The irony of course is that free speech actually is threatened right now, but not by those of us who refuse to buy into hate. It is threatened by a president who calls the press the “enemy of the people.” By a White House that bans certain press outlets and props up others. By a man who would use his government-appointed power to silence his critics with the end goal being a populace that only hears his half-scrutinized message and harmful ideology. That’s where “free speech” ends — with this new government’s interference. We private citizens have the ability, perhaps even the duty, to sanction and discern the speech of others. And if we’re going to pretend that corporations are people, then they have the same responsibility.
“Free speech” means that you can say whatever you want without government interference. It also means that I can say whatever I want, be it in opposition to you or not. And everyone else is free to do the same. And ‘speech’ here means words, dollars, clothing, you name it. So I am free to not buy what you’re selling and organize my friends and allies to do the same. Free speech doesn’t mean that everyone gets the same platform. In a capitalist democracy, it means that the market, for better or for worse, gets to control which messages are spread.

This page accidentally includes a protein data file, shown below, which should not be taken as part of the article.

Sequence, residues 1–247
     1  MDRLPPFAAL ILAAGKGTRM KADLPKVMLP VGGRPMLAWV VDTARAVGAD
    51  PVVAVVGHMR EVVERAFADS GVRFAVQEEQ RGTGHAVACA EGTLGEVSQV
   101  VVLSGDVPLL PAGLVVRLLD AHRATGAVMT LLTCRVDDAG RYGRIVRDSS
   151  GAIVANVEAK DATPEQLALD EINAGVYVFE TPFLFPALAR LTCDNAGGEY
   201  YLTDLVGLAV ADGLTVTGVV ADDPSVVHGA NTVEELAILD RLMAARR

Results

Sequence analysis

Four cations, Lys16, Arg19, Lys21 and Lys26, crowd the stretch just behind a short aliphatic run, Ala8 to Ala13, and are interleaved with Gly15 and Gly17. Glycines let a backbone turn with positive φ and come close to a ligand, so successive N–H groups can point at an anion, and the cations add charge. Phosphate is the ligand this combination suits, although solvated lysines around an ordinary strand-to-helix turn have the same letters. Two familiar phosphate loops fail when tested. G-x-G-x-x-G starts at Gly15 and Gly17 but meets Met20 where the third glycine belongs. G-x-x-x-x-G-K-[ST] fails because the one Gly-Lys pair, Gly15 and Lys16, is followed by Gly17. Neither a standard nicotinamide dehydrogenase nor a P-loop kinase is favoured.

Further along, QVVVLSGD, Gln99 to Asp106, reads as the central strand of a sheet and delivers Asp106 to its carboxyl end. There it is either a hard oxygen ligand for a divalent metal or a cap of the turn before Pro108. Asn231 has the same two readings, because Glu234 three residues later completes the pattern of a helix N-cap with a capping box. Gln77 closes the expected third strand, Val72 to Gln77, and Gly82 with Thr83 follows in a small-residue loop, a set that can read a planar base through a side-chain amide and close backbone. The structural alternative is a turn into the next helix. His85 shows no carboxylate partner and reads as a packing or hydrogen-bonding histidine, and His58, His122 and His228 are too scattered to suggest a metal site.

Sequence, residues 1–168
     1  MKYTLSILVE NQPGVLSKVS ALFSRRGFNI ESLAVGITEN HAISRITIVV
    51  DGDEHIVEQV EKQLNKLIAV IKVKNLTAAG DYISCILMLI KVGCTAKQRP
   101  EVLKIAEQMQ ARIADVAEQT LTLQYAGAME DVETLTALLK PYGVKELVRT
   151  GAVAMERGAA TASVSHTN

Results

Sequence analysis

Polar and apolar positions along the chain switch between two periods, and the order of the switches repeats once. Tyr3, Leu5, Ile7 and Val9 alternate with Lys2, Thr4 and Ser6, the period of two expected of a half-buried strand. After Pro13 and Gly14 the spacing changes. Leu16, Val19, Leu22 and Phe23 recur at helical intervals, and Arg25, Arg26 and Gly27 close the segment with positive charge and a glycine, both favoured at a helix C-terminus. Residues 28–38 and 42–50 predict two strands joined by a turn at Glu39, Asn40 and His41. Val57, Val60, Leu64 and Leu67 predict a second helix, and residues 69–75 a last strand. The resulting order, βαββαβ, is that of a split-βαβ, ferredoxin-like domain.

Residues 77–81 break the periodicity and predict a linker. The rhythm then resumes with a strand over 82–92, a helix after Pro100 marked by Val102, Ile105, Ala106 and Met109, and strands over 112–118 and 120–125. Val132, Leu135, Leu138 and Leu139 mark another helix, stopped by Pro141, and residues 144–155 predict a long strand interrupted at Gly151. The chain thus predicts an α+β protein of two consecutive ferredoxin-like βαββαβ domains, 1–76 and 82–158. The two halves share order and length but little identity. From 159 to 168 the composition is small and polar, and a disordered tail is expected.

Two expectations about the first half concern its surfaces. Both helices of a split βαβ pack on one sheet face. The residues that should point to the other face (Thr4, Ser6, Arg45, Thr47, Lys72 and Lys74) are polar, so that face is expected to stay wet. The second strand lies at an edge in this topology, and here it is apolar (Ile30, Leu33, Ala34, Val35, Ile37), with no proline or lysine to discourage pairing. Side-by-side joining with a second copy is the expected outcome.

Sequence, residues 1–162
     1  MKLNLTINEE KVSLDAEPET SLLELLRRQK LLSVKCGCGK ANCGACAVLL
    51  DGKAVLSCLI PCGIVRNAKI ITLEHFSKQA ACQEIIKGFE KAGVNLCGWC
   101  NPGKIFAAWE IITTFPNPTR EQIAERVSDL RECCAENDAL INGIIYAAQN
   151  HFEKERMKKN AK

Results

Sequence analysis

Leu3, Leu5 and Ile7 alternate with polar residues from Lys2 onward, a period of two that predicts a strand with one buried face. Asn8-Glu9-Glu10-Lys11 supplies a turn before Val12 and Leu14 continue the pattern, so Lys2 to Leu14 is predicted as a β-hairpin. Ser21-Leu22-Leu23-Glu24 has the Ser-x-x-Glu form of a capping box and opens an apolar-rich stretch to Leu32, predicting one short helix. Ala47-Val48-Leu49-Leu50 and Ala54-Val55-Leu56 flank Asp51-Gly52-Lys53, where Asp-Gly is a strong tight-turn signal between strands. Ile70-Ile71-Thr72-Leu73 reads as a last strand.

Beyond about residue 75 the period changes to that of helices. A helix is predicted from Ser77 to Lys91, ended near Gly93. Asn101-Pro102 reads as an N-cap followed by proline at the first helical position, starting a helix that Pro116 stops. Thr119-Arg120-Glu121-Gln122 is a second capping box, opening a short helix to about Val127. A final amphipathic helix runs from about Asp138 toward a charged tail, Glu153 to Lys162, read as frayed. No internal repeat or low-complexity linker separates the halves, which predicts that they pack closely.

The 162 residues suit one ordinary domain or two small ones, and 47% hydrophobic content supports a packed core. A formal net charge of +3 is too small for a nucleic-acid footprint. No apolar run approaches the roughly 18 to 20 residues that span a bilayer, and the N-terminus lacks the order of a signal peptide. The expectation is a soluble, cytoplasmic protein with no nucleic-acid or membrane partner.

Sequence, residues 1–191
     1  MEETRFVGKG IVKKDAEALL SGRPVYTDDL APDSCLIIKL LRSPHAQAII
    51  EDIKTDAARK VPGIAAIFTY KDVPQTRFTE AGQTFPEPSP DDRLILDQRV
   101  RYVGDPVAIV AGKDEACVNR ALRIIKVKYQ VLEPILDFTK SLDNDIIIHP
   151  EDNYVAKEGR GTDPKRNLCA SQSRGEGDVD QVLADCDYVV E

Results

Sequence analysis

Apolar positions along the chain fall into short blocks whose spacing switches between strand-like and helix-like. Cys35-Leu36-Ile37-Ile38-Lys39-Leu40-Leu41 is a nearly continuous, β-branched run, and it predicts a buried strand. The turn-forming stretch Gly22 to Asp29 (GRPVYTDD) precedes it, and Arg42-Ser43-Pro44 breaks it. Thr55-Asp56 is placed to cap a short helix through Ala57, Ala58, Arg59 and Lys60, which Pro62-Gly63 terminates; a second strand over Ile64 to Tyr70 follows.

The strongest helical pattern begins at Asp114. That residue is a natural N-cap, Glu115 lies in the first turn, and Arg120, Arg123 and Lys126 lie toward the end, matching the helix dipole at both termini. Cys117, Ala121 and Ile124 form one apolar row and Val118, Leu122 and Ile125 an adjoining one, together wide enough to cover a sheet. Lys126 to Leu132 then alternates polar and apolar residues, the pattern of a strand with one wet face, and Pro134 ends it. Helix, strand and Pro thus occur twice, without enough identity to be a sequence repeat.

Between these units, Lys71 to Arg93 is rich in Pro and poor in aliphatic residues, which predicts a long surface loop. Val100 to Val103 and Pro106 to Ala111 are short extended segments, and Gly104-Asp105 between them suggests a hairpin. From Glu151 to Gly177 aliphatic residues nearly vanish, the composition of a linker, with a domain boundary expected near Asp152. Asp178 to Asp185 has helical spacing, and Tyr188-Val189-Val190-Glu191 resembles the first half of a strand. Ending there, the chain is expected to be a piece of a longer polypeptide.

“Hate speech” on the other hand is language designed to oppress and reinforce discrimination, and it is incredibly vile, dangerous, and bad for America. In Europe, it has been made illegal in response to their firsthand experience of unchecked hate speech turning into genocide. But just because hate speech is not technically illegal here doesn’t mean we have to stand idly by and let it infect our culture.